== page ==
March 9, 2012
Letter to USDA in opposition of the report entitled:
“A Comprehensive Framework for Off-Highway Vehicle Trail Management”
|101 Constitution Avenue, NW, Suite 800W
Washington, DC 20001
March 9, 2012
The Honorable Tom Vilsack
Dear Secretary Vilsack:
We, the undersigned, believe that this new Report may result in a deleterious relationship between the responsible motorized community and the USDA.
According to the introduction in the Report, the purpose of the document is to “… help OHV trail managers develop sustainable trails and protect the environment surrounding the trails.” We agree that this is a worthy goal and appreciate the intentions of the USDA. However, the Report only serves to strengthen the current underlying apprehension of our community toward the USDA and other federal stakeholders with regard to trail management.
While the author references many OHV groups and associations, we understand that the USDA or any other federal agency associated with this document never consulted with the motorized community in the Report’s initial planning and review process. We find this to be disconcerting, since the Report focuses on OHV trail management. The author acknowledges two non-governmental groups (International Mountain Bicycling Association [IMBA] and Alaska Trails) as experts in OHV trail management. Although IMBA is not an OHV expert per se, its trail management materials and techniques are respected because of the similarities in design considerations.
Without being mentioned in the acknowledgement section, the author does mention within the Report two examples of excellent OHV management materials made available by the American Motorcyclist Association (AMA) and National Off-Highway Vehicle Conservation Council (NOHVCC). They are the following: the AMA Off-Highway Motorcycle & ATV Trails Guidelines for Design, Construction, Maintenance and User Satisfaction; and the NOHVCC Management Guidelines for OHV Recreation.
A group that is not mentioned in the acknowledgement section, but is cited numerous times throughout the Report, is Wildlands CPR. This group has extreme and radical opinions concerning the use of OHVs. For example, Wildlands CPR calls for OHV reform because “Off-road vehicles can go nearly anywhere, killing and harassing wildlife and destroying vegetation.” The group also states on its website that, “As a result of our on-going efforts, so far (with 47 decisions still to come), the Forest Service has removed 7,890 miles of roads and motorized trails from the designated travel system, and refused to designate 28,679 miles of user-created routes.”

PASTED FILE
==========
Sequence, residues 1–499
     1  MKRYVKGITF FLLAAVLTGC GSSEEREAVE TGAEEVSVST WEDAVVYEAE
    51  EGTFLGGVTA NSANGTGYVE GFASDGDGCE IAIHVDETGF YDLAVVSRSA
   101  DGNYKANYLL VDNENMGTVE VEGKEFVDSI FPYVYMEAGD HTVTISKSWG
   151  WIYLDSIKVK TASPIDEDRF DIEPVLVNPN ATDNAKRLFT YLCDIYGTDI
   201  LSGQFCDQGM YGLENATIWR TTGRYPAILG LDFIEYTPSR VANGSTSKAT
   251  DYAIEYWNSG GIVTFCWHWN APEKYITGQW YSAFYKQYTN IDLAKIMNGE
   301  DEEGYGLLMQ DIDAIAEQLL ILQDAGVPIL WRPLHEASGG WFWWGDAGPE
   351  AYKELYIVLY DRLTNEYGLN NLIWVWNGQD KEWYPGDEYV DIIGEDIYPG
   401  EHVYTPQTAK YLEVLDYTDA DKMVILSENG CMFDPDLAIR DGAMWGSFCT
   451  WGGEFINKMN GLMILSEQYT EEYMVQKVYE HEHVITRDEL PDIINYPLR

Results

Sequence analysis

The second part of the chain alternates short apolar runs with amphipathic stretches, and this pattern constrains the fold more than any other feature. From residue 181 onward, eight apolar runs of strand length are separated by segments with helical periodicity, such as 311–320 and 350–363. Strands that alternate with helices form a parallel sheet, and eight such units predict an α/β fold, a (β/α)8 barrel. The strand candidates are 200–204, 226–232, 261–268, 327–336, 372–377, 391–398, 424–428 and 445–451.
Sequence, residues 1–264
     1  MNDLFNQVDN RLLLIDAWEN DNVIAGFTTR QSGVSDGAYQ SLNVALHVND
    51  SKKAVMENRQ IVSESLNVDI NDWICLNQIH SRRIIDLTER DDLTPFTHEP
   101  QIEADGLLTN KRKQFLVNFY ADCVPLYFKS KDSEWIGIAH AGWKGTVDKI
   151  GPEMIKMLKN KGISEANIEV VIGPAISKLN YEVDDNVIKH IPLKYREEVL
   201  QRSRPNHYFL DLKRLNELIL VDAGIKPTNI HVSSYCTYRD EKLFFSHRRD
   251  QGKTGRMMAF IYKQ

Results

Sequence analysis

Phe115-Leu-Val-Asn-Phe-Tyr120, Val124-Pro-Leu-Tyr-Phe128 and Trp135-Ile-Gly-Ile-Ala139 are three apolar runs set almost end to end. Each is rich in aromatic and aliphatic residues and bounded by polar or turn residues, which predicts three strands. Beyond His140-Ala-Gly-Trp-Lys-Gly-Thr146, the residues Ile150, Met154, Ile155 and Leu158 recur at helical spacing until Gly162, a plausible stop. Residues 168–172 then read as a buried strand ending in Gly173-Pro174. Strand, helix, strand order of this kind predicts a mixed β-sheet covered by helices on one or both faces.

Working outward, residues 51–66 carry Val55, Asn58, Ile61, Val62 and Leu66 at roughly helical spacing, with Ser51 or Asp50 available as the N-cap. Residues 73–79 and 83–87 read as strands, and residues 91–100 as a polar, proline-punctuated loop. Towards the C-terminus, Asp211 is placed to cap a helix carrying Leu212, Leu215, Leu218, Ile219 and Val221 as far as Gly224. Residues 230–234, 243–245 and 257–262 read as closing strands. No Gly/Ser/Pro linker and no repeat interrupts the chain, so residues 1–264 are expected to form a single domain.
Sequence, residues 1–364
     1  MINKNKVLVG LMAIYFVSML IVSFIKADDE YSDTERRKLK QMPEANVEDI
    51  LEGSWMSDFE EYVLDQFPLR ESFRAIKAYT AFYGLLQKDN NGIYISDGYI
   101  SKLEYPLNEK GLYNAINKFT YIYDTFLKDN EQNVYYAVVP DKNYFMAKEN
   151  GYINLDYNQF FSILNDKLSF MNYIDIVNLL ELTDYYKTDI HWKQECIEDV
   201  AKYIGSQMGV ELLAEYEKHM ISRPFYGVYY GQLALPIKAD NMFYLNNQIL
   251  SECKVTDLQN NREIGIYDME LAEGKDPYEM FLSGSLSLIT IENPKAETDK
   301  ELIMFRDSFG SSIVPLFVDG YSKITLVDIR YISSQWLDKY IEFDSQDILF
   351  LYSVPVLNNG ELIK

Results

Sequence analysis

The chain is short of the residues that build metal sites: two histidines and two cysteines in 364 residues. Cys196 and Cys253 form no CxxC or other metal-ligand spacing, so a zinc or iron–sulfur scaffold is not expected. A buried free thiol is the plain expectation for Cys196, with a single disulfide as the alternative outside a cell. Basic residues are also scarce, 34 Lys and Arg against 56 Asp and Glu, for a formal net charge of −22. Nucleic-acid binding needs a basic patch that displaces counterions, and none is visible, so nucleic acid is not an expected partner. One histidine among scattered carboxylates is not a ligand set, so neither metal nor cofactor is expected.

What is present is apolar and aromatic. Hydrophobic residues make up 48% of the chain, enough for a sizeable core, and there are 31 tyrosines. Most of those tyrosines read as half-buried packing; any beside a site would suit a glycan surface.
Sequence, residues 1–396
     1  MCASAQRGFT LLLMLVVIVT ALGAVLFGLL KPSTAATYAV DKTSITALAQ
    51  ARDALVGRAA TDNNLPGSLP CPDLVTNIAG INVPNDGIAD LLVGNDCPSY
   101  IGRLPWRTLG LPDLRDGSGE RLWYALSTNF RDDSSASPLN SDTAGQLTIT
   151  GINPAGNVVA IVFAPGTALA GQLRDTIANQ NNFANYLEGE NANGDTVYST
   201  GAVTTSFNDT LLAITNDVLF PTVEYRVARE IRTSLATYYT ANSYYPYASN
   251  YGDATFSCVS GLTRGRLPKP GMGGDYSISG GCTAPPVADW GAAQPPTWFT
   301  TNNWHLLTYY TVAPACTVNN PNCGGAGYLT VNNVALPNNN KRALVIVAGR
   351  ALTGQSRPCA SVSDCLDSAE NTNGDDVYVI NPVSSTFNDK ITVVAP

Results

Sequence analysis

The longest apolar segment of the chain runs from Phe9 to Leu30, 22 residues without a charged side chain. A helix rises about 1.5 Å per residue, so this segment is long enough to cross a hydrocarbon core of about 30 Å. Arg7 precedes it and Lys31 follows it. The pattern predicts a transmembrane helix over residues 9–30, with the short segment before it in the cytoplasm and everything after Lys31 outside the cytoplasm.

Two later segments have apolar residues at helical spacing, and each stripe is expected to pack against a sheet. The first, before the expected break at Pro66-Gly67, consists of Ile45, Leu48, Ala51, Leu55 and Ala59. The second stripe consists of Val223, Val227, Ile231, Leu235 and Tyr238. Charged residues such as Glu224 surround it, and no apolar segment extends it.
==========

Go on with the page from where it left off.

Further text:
Why does the U.S. Forest Service cite such a radical and extreme group for an official federal report that should be fact based and neutral? The author goes further and adopts the Wildlands CPR’s entire Environmental Analysis, which correlates OHVs and the use of trails with climate change. In fact, the Report states that OHV use causes “increase[s] in frequency and intensity of weather events.” A statement such as this transcends the realm of rationality.
In the Appendix D: Best Management Practices of the Report, the author admits to citing a Wildlands CPR document (“Best Management Practices for Off-Road Vehicle Use On Forestlands”) that is anti-OHV for the basis of best management practices. For example, the Appendix references a Wildlands CPR proposal that no routes/trails should be allowed in “citizen or agency proposed wilderness … and other lands with wilderness character.” This best management practice usurps congressional authority in the process to designate Wilderness. Only Congress can designate Wilderness. Moreover, “wilderness characteristics” was the defining language used to describe the Department of the Interior’s “Wild Lands” policy.
Furthermore, the Report concludes with a paragraph that indicates a bias of the author against the OHV community. The author states, “This framework was developed to help trail managers corral the OHV management dragon. The author hopes it has provided some insight into the nature of OHV trails and some tools to help keep the beast at bay. Happy herding and happy trails!” We find this statement derogatory and unfitting to be in an official government report.
We understand this Report was issued and made available to the many agencies within the federal government, but has since been pulled from the USFS website. Based on our aforementioned concerns, we applaud the USDA for this action. However, we have questions about what is coming next concerning republishing this Report. Will our areas of concern be addressed or will there be a disclaimer? Our groups believe a disclaimer is insufficient because the material sourced from Wildlands CPR is not supported with scientifically based data and should not be included in the Report.
We encourage the USDA to continue to engage the public in its deliberations on trail management. Our members stand ready to serve as a resource for you as you further consider the future composition of the Report.
Thank you for your consideration of our request. We look forward to receiving your timely response to the questions and comments above.
All-Terrain Vehicle Association
The Honorable Jon Jarvis
Victor M. Mendez